DLSU to host official scrutiny of voting machines
MANILA, Philippines – The De La Salle University (DLSU), one of the Philippines’ leading universities, has agreed to host the official scrutiny of the country's voting machines for the 2016 elections.
DLSU, a Catholic school based in Taft Avenue, Manila, is set to host the review of the source code or “master blueprint” of the voting machines, Commission on Elections (Comelec) Chairman Andres Bautista said.
The first part of the source review begins on October 1.
Bautista said another major phase is scheduled in February 2016.
He explained that DLSU will lend the Comelec a 200-square-meter space within its campus. Then the poll pody will install around 15 computers in the area, and open the source code review to various groups, including the media.
Comelec Commissioner Christian Lim said the early source code review will allow the Comelec to correct “malicious lines,” if found in the voting machines, by December 30.
The source code review is seen as a means to ensure credible elections.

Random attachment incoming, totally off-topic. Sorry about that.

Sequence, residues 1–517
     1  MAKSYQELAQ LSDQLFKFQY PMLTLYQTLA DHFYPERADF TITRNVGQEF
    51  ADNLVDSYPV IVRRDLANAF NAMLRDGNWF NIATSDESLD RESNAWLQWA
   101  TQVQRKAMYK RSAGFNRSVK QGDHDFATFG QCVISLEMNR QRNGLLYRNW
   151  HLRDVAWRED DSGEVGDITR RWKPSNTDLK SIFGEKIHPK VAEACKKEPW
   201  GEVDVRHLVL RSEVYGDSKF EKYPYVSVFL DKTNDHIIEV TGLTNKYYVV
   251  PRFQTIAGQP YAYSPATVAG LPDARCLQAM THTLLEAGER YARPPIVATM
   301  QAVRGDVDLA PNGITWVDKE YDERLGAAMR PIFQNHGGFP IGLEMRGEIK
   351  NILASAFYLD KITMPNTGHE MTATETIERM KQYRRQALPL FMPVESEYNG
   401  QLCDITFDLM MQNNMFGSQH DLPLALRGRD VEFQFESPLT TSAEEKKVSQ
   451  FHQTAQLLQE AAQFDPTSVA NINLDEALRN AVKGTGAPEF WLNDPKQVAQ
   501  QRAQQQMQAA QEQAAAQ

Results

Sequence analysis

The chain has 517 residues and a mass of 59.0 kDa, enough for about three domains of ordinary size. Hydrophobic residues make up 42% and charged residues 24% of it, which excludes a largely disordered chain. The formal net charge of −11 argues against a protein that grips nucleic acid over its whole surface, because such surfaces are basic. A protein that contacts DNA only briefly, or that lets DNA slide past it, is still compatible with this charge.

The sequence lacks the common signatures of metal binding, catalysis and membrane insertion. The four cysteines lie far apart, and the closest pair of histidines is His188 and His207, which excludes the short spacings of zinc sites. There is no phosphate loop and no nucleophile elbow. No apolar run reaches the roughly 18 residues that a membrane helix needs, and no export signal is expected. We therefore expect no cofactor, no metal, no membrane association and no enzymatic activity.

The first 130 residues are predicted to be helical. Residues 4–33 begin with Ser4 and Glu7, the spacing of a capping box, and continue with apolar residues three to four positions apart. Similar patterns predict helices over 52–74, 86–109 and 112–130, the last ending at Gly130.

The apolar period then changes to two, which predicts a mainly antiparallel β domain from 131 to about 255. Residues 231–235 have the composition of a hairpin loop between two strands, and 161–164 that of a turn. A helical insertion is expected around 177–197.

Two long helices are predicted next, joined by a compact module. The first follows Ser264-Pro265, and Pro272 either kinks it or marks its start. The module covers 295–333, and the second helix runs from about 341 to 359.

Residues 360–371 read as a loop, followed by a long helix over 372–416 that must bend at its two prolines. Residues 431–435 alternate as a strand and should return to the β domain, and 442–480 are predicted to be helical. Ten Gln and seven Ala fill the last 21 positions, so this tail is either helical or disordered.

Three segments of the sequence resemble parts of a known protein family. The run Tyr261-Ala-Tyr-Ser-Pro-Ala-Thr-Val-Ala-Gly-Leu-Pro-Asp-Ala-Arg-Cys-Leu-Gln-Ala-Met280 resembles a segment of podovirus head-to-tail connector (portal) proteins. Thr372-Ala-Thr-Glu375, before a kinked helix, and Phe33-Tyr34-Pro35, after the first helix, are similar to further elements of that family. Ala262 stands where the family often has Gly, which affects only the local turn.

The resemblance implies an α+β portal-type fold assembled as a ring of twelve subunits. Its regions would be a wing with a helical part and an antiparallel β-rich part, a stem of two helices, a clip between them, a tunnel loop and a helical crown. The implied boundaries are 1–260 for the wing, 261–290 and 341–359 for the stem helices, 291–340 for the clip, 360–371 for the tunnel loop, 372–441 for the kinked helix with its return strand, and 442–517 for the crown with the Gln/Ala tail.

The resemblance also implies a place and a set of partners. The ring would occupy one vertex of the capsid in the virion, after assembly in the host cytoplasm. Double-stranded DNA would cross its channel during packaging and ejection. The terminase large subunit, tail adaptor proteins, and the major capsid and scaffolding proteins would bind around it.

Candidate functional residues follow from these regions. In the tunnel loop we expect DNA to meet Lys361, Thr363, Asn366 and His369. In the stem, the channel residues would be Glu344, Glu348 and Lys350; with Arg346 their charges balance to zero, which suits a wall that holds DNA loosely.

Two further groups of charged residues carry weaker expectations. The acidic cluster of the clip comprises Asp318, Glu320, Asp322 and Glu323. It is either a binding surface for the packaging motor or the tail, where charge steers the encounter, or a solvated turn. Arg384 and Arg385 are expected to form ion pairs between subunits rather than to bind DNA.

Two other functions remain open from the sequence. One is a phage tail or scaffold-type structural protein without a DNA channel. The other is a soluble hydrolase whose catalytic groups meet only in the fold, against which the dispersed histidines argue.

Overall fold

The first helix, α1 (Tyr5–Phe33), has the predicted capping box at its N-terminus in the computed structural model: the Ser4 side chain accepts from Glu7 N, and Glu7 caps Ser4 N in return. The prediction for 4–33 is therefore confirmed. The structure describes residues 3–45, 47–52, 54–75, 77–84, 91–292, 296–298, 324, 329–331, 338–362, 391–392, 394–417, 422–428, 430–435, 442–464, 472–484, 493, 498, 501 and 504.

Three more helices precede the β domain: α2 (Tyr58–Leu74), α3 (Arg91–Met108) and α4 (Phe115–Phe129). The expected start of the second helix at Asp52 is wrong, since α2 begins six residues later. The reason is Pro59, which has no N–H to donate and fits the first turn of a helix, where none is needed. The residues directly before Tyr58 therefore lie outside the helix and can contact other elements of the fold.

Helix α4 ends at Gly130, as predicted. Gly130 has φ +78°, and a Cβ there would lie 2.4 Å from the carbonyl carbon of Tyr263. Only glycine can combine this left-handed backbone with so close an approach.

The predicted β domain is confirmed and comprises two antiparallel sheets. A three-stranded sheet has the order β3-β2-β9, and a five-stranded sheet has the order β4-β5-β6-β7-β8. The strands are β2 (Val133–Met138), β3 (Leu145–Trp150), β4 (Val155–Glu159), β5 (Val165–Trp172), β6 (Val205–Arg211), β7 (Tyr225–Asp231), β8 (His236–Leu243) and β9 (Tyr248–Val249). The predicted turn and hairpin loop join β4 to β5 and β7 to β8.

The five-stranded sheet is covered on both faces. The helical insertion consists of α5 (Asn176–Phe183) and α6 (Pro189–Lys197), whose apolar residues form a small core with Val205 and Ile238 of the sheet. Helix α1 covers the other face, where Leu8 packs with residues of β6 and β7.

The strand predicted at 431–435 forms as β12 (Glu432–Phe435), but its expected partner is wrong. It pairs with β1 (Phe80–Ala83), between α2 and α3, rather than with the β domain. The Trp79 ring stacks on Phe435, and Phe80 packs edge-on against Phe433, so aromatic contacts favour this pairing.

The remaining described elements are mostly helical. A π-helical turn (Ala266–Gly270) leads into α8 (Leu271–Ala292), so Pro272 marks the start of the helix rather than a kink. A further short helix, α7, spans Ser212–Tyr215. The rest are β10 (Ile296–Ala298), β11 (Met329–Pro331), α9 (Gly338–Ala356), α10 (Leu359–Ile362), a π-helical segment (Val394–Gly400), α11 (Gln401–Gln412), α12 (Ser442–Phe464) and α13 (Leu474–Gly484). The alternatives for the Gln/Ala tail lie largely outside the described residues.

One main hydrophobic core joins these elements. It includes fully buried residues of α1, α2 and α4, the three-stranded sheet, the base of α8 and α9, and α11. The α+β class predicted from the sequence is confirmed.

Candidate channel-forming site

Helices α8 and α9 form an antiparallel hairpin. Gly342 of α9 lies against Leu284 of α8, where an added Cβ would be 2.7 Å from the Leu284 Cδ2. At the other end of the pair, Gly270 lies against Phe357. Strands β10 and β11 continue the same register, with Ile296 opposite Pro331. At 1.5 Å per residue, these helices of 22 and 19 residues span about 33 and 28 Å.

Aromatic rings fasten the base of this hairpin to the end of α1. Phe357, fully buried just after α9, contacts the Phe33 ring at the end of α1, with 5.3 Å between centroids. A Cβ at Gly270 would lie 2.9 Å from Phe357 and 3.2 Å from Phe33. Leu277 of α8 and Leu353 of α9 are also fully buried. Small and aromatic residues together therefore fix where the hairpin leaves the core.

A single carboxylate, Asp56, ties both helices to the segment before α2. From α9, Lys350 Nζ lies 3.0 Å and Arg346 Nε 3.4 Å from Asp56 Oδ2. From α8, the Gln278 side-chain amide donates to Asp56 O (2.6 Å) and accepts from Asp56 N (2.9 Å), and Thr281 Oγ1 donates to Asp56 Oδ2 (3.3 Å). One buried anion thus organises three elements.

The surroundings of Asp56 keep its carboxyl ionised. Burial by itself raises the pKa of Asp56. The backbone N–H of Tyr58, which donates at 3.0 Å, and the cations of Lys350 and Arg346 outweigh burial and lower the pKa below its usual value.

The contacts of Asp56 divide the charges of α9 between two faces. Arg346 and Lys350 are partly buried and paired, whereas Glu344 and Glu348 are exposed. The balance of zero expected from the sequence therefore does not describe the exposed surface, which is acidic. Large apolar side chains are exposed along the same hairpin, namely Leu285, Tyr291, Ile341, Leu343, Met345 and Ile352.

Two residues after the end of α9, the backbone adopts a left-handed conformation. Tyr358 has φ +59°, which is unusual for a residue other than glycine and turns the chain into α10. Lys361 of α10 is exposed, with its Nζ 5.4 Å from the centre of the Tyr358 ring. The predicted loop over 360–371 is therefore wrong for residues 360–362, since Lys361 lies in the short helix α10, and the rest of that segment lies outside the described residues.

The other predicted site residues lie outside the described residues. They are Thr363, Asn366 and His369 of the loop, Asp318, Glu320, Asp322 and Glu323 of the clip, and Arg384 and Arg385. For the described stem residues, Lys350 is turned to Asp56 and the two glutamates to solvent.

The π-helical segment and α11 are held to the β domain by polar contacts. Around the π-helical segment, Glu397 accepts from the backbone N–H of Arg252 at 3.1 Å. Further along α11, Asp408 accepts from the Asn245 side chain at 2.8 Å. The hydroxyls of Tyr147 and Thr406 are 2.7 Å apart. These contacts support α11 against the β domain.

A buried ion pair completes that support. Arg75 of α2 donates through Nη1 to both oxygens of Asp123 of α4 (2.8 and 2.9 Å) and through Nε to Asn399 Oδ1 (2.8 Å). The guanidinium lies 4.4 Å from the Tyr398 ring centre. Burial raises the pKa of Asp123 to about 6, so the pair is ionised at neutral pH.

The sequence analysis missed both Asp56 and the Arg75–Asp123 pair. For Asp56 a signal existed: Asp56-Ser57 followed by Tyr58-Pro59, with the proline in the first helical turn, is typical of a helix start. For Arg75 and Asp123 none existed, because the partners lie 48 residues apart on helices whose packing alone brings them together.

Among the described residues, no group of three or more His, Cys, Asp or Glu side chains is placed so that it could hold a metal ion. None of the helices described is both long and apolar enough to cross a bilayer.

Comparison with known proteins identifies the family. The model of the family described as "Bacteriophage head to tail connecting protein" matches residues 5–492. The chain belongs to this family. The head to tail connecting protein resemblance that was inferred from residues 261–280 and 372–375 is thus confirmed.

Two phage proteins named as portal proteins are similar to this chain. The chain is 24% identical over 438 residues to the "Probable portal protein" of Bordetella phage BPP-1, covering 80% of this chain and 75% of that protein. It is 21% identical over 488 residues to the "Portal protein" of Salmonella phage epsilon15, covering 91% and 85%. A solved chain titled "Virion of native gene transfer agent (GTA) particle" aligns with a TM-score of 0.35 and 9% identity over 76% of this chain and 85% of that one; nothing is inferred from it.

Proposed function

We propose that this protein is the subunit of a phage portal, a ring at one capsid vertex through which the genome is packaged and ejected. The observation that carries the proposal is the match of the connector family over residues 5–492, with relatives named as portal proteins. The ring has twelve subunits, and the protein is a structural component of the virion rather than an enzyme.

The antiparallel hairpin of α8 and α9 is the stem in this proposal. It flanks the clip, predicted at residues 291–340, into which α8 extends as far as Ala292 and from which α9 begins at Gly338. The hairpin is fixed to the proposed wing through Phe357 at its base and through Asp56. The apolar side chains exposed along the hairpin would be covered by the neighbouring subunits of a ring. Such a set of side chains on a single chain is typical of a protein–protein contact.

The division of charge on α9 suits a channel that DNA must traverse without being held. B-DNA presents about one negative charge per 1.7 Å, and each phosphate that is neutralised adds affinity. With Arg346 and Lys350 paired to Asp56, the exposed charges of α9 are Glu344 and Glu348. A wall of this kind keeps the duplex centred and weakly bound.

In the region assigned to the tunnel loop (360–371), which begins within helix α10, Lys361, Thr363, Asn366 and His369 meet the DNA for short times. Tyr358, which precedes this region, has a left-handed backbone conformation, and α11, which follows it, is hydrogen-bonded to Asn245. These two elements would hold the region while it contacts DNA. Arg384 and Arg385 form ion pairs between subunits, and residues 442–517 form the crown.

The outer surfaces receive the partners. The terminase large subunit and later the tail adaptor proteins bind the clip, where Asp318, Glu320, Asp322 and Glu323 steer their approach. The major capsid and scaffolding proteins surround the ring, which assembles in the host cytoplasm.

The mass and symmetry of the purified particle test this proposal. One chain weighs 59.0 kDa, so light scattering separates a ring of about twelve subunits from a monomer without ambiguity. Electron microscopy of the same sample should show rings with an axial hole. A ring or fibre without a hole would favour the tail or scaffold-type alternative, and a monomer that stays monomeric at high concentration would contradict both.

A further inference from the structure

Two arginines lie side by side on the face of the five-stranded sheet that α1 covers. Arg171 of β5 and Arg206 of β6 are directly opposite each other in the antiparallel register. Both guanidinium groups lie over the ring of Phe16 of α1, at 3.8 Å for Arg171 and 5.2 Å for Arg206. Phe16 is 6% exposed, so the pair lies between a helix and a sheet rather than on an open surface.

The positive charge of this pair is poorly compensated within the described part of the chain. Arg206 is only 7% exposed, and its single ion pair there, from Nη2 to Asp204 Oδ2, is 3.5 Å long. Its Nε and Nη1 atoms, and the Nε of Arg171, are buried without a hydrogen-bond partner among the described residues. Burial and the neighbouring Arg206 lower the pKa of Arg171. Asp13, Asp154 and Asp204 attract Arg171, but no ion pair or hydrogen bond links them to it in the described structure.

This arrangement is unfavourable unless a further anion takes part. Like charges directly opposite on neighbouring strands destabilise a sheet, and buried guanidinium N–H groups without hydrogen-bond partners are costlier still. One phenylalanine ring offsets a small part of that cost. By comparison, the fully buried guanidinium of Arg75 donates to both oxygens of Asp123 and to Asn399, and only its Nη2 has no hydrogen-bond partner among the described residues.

A Philippine law defines the source code as “human-readable instructions that define what the computer equipment will do.”
Source codes contain instructions for counting and canvassing of votes. Manipulation of the source codes could lead to fraud. (READ: FAQs: Why worry about PCOS code?)
The source code review for 2016 happens 7 months earlier than in the last elections, which was in May 2013.
In 2013, the Comelec presented the source code of voting machines for review only on May 9, or 4 days before elections.
“This is important because organizations usually complain that they have too short a time to review the source code. So now we’re opening up everything so you have all the time now until the election day to review all the codes,” Comelec Commissioner Christian Lim earlier said in Filipino.
Bautista said in a previous news conference, “This is one difference between how 2016 will be conducted as opposed to 2010 and 2013.” – Rappler.com
Who won in the 2016 Philippine elections?
Check out the 2016 official election results through the link below:
- 2016 official election results for Presidential, Vice Presidential, Senatorial, and Party list elections
Check out the 2016 unofficial election results for the national and local races through the links below
- 2016 Philippine Presidential Elections
- 2016 Philippine Vice Presidential Elections
- 2016 Philippine Senatorial Elections
- 2016 Philippine Congressional Elections
- 2016 Party List Elections
- 2016 Philippine Local Elections